If only one of Target, Snapchat, Facebook, Twitter, Adobe, and so on and so forth, had suffered a serious data breach within the last few months that would be sufficiently troubling. Yet data breaches have become so ubiquitous that a single week (if not days) without one hitting the headlines seems almost strange.
By now every organization should appreciate that -- no matter how robust and sophisticated its network security is -- it remains a vulnerable target for cybersecurity breaches and the host of negative consequences that typically follow, including class action lawsuits (so far, dozens of suits have been filed against Target), substantial breach notification costs and other “crisis management” expenses, including forensic investigation, credit monitoring, call centers and public relations efforts, as well as potential regulatory investigations, fines and penalties. Insurance can play a critical role in addressing cybersecurity risks. But the time to consider insurance coverage for data breaches and other cybersecurity risks is before an organization becomes the next Target.
Today, on the heels of the Target breach, a Connecticut appellate court issued an insurance coverage opinion, Recall Total Information Management, Inc. v. Federal Insurance Co.,  which, while negating coverage under the specific facts at issue in the case, actually tends to support an argument in favor of coverage under so-called “traditional” commercial general liability (CGL) policies for a company involved in a data breach incident such as the Target breach. The Recall case addresses potential coverage for data breach under the “personal injury” coverage section found in most CGL policies. The current standard industry form states that the insurer “will pay those sums that the insured becomes legally obligated to pay as damages because of ‘personal and advertising injury,’” which is defined to include the “offense” of “[o]ral or written publication, in any manner, of material that violates a person’s right of privacy.”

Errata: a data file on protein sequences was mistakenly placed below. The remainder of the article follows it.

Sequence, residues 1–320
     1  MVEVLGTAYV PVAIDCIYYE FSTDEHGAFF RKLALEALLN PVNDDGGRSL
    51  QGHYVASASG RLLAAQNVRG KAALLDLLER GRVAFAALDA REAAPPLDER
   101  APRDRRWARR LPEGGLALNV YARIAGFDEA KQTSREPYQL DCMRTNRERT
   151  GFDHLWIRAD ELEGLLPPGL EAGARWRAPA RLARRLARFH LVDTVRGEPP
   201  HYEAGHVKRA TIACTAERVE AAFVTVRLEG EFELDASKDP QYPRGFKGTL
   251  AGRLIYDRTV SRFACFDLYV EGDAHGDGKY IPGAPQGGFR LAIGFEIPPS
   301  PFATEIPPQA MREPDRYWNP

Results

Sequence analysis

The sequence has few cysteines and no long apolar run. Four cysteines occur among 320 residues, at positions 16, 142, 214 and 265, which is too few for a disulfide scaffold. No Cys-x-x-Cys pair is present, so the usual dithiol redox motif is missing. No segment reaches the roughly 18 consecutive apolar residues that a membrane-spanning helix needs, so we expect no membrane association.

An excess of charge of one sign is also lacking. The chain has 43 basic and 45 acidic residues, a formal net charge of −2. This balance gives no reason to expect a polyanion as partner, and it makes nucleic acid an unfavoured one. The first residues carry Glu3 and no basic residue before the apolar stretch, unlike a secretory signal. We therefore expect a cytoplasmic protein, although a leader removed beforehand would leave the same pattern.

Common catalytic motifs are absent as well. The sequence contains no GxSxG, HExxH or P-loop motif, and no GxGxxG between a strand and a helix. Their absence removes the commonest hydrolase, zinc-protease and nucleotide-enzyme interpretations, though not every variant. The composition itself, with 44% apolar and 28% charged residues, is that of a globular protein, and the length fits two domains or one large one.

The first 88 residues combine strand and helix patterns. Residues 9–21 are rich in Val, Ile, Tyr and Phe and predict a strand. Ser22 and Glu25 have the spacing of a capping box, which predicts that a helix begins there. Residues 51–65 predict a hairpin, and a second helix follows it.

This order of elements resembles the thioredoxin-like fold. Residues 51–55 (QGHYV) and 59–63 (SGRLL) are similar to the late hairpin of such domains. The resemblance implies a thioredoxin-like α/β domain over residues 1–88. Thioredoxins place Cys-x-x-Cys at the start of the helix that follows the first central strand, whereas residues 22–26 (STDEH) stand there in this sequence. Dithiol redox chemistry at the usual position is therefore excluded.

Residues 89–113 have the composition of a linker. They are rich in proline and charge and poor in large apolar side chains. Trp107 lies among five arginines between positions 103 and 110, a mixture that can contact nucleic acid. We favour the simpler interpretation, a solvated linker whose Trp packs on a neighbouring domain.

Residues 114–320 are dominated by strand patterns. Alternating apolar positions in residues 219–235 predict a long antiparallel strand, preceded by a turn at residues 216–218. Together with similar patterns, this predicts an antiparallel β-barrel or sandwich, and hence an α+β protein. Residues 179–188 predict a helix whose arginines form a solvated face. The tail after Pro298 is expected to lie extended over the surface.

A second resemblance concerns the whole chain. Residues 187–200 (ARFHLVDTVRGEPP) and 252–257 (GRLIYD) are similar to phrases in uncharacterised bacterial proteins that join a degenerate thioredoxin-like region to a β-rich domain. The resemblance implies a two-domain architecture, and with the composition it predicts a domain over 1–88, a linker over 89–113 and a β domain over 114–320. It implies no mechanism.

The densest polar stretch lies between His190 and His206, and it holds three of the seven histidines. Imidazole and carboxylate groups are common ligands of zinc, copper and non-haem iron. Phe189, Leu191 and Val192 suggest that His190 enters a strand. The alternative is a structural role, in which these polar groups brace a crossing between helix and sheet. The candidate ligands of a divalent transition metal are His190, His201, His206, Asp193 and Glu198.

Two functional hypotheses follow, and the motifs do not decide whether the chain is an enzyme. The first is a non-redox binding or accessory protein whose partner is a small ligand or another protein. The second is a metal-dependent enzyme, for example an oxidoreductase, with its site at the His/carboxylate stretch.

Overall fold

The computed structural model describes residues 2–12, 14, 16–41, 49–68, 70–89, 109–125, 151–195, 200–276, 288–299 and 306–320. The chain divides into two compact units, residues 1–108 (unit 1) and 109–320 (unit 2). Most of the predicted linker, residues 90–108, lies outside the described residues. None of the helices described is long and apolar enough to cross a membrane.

The lead plaintiff in Recall had an agreement in place to transport and store various electronic media for International Business Machines (IBM). It subcontracted with Executive Logistics, Inc. (Ex Log) to provide the transportation services. During an Ex Log transport of computer tapes from an IBM facility in New York to another location, a cart fell out of the transport van and approximately 130 tapes -- which contained social security numbers, birthdates, and contact information for some 500,000 past and present IBM employees -- were removed from the roadside by an unknown person and never recovered. IBM took typical “crisis management” steps to address the incident, including notification to potentially affected employees, the establishment of a call center to answer inquiries regarding the lost data, and a year of credit monitoring to protect against identity theft. IBM claimed over $6 million for these costs from Recall, which paid the entire amount of the loss and sought indemnification from Ex Log. ExLog tendered the claim under its CGL policies, which, similar to many other CGL policies, stated that the insurer would “pay damages that the insured becomes legally obligated to pay by reason of liability” for “personal injury,” which was defined as “injury … caused by an offense of ... electronic, oral, written or other publication of material that ... violates a person’s right to privacy.”  The insurers denied coverage on the basis that there had been no “publication” of the data contained on the tapes.